In a year when everybody’s plans changed, ASBPA government affairs work both responded to the times – with a new focus on COVID response to help coastal communities – and stayed the same – with a continued focus on the Water Resources Development Act (WRDA) and appropriations. We did not expect significant coastal policy investment or reforms from Congress nor the Administration in this election year, and we did not get any. We have been successful on some minor points, but our larger interests and the fundamental threats to coastlines and coastal communities continue to grow. Here are some updates on coastal policy issues from 2020:
We continue to have outsize influence on the Water Resources Development Act and have been successful in getting some of our small but important priorities included. After being asked to testify twice in 2019, ASBPA was again asked to provide testimony in what became a written-testimony-only hearing in the Senate Environment & Public Works (EPW) Committee in April 2020. We have been pleased to see some of our main policy requests regarding regional sediment management, evaluating dredged sediments’ full value, and natural infrastructure included in WRDA. We have been quoted in Hill media supporting the legislation and encouraging Members of Congress to pass the bill. The final bill passed as part of the end-of-year omnibus legislation.
We continue to work on appropriations and pushed back against the Administration’s efforts to eliminate and defund coastal programs (Sea Grant, Coastal Zone Management Grants, Coastal Flood Risk Management). After multiple continuing resolutions that pushed a decision on FY21 appropriations to right before the New Year, Congress passed an omnibus appropriations bill that keeps coastal funding levels similar to FY20.
One issue we picked up this Spring was helping beach and coastal communities respond to the financial challenges of COVID. After polling our members in the Spring, followed by multiple calls with beach managers, we heard clearly that they needed our help in pushing for funding to support coastal projects and management threatened by the loss of local revenue. We developed letters and advocacy materials asking congress to fund multiple programs to help communities that were seeing coastal tourism revenues decline this summer. Senate Republicans, however, have been unwilling to consider funding for state and local governments who have had decimated budgets and we have not succeeded in getting help specifically for coastal communities.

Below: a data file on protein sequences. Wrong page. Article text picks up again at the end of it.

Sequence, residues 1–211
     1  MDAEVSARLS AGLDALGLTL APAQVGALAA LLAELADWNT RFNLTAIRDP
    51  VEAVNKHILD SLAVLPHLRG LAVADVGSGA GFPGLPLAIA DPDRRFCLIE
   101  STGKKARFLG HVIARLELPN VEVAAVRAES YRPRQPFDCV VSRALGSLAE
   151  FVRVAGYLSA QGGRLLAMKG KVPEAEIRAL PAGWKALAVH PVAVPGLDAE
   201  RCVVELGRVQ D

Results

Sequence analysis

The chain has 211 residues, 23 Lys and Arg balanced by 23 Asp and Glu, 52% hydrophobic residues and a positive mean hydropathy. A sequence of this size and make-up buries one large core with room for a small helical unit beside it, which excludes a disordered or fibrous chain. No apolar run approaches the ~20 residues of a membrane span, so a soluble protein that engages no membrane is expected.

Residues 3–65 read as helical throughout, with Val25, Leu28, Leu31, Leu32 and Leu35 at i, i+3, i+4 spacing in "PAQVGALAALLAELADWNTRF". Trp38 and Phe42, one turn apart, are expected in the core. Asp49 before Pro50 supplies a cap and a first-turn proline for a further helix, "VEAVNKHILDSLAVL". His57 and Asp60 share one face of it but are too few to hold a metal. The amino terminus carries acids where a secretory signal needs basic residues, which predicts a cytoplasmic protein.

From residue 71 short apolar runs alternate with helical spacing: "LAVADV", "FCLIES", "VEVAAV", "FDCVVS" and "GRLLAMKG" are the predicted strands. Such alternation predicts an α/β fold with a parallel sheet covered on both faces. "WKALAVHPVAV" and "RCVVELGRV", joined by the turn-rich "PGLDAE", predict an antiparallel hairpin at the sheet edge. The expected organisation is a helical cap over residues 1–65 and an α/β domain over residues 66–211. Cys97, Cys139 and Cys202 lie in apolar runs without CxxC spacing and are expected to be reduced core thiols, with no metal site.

Another focus for ASBPA this year was working to increase, and create new, dedicated revenue for coastal resilience, mainly from offshore energy development. The OFFSHORE Act was introduced (but not passed) in the Senate and House, which would establish a new source of dedicated revenue from offshore wind power. We have worked with the GOMESA coalition to seek an increase in coastal funding from offshore drilling in the Gulf of Mexico. We have also seen the Living Shoreline Act – legislation that would authorize a new trust fund for competitive grants for living shorelines – passed in the House but stall in the Senate. We will continue to push these bills in 2021.
ASBPA developed two major policy papers in 2020. Early in the year, we released “Local Funding for Coastal Projects: An overview of practices, polices and considerations,” which is intended to help local communities assess their ability to finance coastal projects.
A second major project was a review and re-write of our joint policy paper with Coastal States Organization on beach and inlet management. This paper establishes a broad array of policy positions on five topics: better sediment management, improved coastal permitting, regular and predictable funding, responsible development, and research. This paper will be published in January and shared with the incoming administration to help shape their coastal planning and policy reform agenda.